Presentation on theme: "Physiological Adaptations in Response to Training Examine the relationship between the principles of training, physiological adaptations and improved performance."— Presentation transcript:
Physiological Adaptations in Response to Training Examine the relationship between the principles of training, physiological adaptations and improved performance.
In response to training the body makes adaptations or adjustments to the level of stress imposed on it. These adaptations allow the body to function more comfortably at existing levels of stress and respond more efficiently to new levels of stress. Although progressive improvements can be seen throughout a training program, it usually takes around 12 weeks to realise the entire benefits. Training will cause adaptation to a number of capacities including, resting heart rate, stroke volume, cardiac output, oxygen uptake, lung capacity, haemoglobin level, muscle hypertrophy and effect slow and fast twitch muscle fibres.
Resting Heart Rate Aerobic training causes a lowering of the resting heart rate. This is because of the improved efficiency of the cardiovascular system. An untrained resting heart rate is usually between 70 and 90 beats per minute. Trained athletes can have a resting heart rate as low as 30 beats per minute.
Stroke Volume Stroke volume increases as a result of aerobic training. It refers to the amount of blood ejected by the left ventricle of the heart during a contraction. It is measured in mL/beat. Untrained people may have a stroke volume of 70-80ml, while people involved in aerobic training may have a stroke volume of ml. This occurs because a trained athlete has a stronger heart muscle, capable of a more forceful contraction and an increase in the capacity of the left ventricle, enabling more blood to be pumped out in each contraction.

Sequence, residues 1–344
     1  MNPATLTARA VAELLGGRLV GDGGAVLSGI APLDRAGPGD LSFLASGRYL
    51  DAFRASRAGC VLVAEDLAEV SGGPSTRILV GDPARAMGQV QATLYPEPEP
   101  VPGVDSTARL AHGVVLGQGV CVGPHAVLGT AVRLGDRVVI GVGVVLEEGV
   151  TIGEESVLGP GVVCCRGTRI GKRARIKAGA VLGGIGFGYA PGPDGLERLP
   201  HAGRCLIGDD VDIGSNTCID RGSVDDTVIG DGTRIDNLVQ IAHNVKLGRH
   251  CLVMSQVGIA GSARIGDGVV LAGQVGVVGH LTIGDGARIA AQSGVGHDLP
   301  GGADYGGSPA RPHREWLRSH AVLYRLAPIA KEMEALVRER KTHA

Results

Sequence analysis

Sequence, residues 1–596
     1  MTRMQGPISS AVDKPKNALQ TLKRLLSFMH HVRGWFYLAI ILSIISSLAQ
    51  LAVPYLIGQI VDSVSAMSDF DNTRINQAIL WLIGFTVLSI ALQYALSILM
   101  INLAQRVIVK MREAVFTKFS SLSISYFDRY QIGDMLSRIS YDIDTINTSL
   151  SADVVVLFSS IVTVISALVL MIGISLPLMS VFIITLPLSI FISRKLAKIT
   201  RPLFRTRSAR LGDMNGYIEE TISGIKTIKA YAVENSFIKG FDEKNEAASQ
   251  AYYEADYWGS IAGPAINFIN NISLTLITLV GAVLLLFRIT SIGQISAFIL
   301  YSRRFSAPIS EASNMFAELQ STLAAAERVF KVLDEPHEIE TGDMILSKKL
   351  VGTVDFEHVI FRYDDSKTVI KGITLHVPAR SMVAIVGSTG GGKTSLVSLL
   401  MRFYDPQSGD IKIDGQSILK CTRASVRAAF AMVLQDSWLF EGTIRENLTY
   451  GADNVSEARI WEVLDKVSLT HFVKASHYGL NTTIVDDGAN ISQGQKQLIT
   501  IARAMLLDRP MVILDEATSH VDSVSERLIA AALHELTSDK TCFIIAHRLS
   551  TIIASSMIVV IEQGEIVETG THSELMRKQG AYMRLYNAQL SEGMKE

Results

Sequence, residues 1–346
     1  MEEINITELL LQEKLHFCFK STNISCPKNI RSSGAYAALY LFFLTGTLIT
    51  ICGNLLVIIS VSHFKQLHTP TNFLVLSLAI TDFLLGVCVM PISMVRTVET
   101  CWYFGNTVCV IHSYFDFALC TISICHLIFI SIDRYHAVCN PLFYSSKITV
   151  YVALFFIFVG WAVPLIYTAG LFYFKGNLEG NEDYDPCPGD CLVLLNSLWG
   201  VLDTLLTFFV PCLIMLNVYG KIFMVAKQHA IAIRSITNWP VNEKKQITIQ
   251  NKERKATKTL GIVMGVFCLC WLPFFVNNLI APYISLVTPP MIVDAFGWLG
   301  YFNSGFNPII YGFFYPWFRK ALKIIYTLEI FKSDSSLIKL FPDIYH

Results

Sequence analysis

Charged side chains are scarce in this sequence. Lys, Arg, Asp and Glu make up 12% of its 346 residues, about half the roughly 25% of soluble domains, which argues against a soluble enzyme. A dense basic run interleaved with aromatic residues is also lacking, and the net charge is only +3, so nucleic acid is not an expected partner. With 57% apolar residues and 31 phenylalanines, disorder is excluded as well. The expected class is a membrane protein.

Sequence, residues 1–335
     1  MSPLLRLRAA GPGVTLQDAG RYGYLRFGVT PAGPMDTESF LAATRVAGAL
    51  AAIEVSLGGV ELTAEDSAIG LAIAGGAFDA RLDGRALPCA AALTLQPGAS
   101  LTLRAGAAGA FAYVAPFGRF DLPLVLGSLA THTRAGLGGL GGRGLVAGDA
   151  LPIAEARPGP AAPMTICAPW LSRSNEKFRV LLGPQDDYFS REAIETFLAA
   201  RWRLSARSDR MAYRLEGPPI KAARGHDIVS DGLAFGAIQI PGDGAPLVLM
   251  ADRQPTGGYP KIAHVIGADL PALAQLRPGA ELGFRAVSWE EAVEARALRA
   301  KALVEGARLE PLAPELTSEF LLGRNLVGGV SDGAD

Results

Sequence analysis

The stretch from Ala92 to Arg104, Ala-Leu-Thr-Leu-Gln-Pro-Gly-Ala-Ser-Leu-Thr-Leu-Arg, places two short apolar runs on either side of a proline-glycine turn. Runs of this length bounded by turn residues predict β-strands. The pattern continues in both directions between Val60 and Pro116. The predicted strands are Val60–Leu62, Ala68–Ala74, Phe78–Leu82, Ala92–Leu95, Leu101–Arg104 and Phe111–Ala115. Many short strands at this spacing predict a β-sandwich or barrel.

Cardiac Output Cardiac output is the amount of blood pumped by the heart per a minute. It is determined by multiplying heart rate and stroke volume. The cardiac output of a trained athlete may be similar to an untrained person at rest, but during exercise the cardiac output of the trained athlete will be greater. An untrained person may have a cardiac output of 15 to 20 litres per a minute while a trained person may have 20 to 25 litres per a minute. In highly trained endurance athletes, cardiac output may even rise as high as 40 litres per a minute.
Oxygen Uptake Oxygen uptake (VO2) is the amount of oxygen that is consumed by the mitochondria in the cells in order to produce aerobic energy. Maximal oxygen uptake (VO2max) is the maximum amount of oxygen that the body can take in and utilise for production of aerobic energy. It is used to measure cardiorespiratory fitness. A person’s VO2max is determined by factors such as: Heredity Age - VO2max increases until the mid twenties and declines thereafter. Gender - males generally have higher VO2max levels due to increased muscle percentages and haemoglobin levels. Training Status - VO2max increases in response to aerobic training.
Lung Capacity Lung capacity is the total amount of oxygen that an individual’s lungs can hold. Lung capacity remains relatively unchanged with most training programs, but may improve slightly with maximal training. Training can improve a person’s vital capacity i.e. the amount of air that can be breathed in and out during a single breath. Vital capacity is different to lung capacity due to the fact that there is always air left in the lungs, even after the most forceful expiration. This leftover air is called residual volume. The total lung capacity is about 6000mL in males and slightly less in females due to their smaller size.